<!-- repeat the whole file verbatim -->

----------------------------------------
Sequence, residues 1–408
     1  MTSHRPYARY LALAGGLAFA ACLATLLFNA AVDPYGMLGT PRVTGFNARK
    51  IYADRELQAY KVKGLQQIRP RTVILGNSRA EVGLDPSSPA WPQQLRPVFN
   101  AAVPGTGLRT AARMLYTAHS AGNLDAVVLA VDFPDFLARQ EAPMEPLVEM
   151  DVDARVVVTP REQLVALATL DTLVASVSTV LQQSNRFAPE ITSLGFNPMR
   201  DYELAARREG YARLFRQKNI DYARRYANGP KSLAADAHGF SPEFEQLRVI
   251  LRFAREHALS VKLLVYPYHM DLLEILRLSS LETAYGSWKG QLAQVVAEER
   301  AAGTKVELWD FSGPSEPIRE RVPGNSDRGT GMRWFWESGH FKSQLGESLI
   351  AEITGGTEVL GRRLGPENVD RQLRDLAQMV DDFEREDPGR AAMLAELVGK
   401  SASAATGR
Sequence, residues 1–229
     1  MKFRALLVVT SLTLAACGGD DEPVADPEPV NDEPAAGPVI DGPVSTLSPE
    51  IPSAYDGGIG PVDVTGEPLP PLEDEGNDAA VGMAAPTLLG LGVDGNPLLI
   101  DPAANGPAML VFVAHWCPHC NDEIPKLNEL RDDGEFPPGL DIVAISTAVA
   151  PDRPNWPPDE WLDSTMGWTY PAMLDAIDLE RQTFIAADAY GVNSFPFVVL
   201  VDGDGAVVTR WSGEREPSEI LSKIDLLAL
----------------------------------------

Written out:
Sequence, residues 1–408
     1  MTSHRPYARY LALAGGLAFA ACLATLLFNA AVDPYGMLGT PRVTGFNARK
    51  IYADRELQAY KVKGLQQIRP RTVILGNSRA EVGLDPSSPA WPQQLRPVFN
   101  AAVPGTGLRT AARMLYTAHS AGNLDAVVLA VDFPDFLARQ EAPMEPLVEM
   151  DVDARVVVTP REQLVALATL DTLVASVSTV LQQSNRFAPE ITSLGFNPMR
   201  DYELAARREG YARLFRQKNI DYARRYANGP KSLAADAHGF SPEFEQLRVI
   251  LRFAREHALS VKLLVYPYHM DLLEILRLSS LETAYGSWKG QLAQVVAEER
   301  AAGTKVELWD FSGPSEPIRE RVPGNSDRGT GMRWFWESGH FKSQLGESLI
   351  AEITGGTEVL GRRLGPENVD RQLRDLAQMV DDFEREDPGR AAMLAELVGK
   401  SASAATGR
Sequence, residues 1–229
     1  MKFRALLVVT SLTLAACGGD DEPVADPEPV NDEPAAGPVI DGPVSTLSPE
    51  IPSAYDGGIG PVDVTGEPLP PLEDEGNDAA VGMAAPTLLG LGVDGNPLLI
   101  DPAANGPAML VFVAHWCPHC NDEIPKLNEL RDDGEFPPGL DIVAISTAVA
   151  PDRPNWPPDE WLDSTMGWTY PAMLDAIDLE RQTFIAADAY GVNSFPFVVL
   201  VDGDGAVVTR WSGEREPSEI LSKIDLLAL